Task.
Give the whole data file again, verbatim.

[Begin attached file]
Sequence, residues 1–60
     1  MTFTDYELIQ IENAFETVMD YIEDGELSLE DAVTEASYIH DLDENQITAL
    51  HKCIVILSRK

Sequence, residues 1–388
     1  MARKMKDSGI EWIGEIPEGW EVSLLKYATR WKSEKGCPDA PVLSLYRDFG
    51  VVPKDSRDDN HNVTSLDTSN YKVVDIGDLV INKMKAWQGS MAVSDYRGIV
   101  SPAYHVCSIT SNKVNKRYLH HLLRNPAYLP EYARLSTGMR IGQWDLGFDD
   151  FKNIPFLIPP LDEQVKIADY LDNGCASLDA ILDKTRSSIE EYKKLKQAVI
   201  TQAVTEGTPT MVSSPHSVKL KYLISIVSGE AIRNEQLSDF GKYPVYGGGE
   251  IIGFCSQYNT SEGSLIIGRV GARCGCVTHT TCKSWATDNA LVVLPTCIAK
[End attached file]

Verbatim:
Sequence, residues 1–60
     1  MTFTDYELIQ IENAFETVMD YIEDGELSLE DAVTEASYIH DLDENQITAL
    51  HKCIVILSRK

Sequence, residues 1–388
     1  MARKMKDSGI EWIGEIPEGW EVSLLKYATR WKSEKGCPDA PVLSLYRDFG
    51  VVPKDSRDDN HNVTSLDTSN YKVVDIGDLV INKMKAWQGS MAVSDYRGIV
   101  SPAYHVCSIT SNKVNKRYLH HLLRNPAYLP EYARLSTGMR IGQWDLGFDD
   151  FKNIPFLIPP LDEQVKIADY LDNGCASLDA ILDKTRSSIE EYKKLKQAVI
   201  TQAVTEGTPT MVSSPHSVKL KYLISIVSGE AIRNEQLSDF GKYPVYGGGE
   251  IIGFCSQYNT SEGSLIIGRV GARCGCVTHT TCKSWATDNA LVVLPTCIAK